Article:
Source: Cell Press
Summary: Researchers show that the reward center of the brain values foods high in both fat and carbohydrates i.e., many processed foods – more than foods containing only fat or only carbs.
After the domestication of plants and animals and the development of grain and dairy production around 12,000 years ago, opportunities to consume fat and carbohydrates together increased, but processed foods like donuts, which could contain 11 grams of fat and 17 grams of carbohydrate, have only been around for 150 years, not long enough for us to evolve a new brain response to them. Scientists believe our past experience with the nutritive properties of carbohydrates releases dopamine in the brain through an as-yet-unknown metabolic signal. These kinds of signals seem to help regulate what and how much we eat. Researchers show that the reward center of the brain values foods high in both fat and carbohydrates i.e., many processed foods – more than foods containing only fat or only carbs. The study findings were published in the journal Cell Metabolism.
A study of 206 adults, supports the idea that these kinds of foods hijack our body’s inborn signals governing food consumption. In work that could help explain brain-body mechanisms underlying the genetic predisposition for obesity, eating in the absence of hunger, and difficulty losing or keeping off excess weight, researchers looked at the neural response to food cues. Test subjects underwent brain scans while being shown photographs of familiar snacks containing mostly fat, mostly sugar, and a combination of fat and carbs. The researchers theorize that the simultaneous activation of fat and carbohydrate signaling pathways launches an effect that human physiology has not evolved to handle.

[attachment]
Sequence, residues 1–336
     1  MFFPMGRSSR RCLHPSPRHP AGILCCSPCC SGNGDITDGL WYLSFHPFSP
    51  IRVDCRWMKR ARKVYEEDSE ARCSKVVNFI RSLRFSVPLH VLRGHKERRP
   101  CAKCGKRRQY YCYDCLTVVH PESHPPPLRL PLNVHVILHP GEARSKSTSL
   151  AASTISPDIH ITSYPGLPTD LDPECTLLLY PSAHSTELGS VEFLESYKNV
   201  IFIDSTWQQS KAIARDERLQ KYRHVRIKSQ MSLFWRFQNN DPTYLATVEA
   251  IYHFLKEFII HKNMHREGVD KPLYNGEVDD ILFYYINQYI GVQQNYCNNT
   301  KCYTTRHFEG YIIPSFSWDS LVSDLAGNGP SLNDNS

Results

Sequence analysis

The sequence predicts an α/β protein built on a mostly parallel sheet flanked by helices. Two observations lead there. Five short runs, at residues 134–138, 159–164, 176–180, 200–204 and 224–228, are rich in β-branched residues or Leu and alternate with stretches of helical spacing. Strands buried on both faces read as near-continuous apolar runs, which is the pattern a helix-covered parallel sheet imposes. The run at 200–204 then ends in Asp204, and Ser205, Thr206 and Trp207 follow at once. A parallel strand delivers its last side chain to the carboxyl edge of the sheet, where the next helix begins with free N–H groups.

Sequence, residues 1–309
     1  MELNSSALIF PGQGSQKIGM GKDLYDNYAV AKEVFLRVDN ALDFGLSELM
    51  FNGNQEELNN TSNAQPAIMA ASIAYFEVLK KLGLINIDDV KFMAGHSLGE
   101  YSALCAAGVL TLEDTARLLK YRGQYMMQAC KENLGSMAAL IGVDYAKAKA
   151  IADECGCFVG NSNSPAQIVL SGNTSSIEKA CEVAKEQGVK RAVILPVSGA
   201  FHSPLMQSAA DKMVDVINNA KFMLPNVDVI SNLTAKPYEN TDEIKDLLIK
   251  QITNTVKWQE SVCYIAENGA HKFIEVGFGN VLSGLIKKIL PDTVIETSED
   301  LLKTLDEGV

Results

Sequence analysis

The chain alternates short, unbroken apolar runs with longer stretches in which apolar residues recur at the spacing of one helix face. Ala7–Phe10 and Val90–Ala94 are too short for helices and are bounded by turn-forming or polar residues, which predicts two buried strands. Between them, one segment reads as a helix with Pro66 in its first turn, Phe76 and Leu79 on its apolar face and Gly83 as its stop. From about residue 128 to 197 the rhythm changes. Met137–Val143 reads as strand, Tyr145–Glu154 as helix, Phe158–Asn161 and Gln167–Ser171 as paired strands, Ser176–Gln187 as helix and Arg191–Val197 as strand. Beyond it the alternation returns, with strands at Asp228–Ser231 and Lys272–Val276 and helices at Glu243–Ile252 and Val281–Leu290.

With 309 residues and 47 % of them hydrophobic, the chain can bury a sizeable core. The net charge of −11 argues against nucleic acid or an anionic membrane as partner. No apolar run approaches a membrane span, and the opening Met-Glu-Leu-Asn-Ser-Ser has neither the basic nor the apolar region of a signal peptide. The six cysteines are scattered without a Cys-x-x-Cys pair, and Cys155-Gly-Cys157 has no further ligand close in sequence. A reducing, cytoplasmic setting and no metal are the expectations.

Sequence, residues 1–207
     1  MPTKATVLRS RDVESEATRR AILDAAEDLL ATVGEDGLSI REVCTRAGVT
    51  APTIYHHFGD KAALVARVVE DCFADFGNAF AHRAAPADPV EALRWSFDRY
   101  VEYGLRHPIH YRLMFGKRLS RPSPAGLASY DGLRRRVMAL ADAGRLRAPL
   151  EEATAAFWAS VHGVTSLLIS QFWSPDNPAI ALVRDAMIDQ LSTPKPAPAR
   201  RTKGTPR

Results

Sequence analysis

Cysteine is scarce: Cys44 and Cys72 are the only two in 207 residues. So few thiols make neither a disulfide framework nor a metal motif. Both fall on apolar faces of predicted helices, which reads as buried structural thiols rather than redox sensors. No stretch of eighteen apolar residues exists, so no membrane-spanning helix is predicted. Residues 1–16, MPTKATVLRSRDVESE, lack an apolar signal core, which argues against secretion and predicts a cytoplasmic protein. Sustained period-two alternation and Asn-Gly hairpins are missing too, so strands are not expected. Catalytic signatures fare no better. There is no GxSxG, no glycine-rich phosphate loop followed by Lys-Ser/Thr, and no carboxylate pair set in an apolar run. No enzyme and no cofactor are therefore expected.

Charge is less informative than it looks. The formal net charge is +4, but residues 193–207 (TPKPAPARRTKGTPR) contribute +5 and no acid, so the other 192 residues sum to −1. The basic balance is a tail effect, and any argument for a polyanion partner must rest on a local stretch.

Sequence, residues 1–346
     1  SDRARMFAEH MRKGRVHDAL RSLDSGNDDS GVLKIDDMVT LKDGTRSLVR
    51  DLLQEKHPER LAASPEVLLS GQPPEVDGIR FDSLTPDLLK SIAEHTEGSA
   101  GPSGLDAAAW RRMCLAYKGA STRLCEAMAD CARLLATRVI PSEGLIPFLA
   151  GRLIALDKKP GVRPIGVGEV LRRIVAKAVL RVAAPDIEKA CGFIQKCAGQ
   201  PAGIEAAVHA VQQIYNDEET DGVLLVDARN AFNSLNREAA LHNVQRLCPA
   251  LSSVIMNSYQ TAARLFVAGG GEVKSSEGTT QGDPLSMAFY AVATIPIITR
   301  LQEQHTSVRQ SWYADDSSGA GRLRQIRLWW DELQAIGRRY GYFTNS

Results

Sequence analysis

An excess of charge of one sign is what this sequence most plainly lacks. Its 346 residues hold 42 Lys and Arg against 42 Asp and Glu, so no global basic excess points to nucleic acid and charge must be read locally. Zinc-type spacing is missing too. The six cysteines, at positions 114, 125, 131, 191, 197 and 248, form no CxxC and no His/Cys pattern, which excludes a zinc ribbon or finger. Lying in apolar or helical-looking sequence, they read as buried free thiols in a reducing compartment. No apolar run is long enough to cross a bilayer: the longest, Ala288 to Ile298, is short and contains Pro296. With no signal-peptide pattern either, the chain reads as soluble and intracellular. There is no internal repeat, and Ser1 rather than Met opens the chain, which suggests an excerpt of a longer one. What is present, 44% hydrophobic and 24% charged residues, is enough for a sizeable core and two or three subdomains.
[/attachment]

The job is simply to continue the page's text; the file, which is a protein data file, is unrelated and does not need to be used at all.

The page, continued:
Senior author, Dana Small said, “The biological process that regulates the association of foods with their nutritional value evolved to carefully define the value of a food so that organisms can make adaptive decisions.”
More Information: Cell Metabolism, DiFeliceantonio and Coppin et al, “Supra-Additive Effects of Combining Fat and Carbohydrate on Food Reward”, Cell Metabolism (2018). DOI: 10.1016/j.cmet.2018.05.018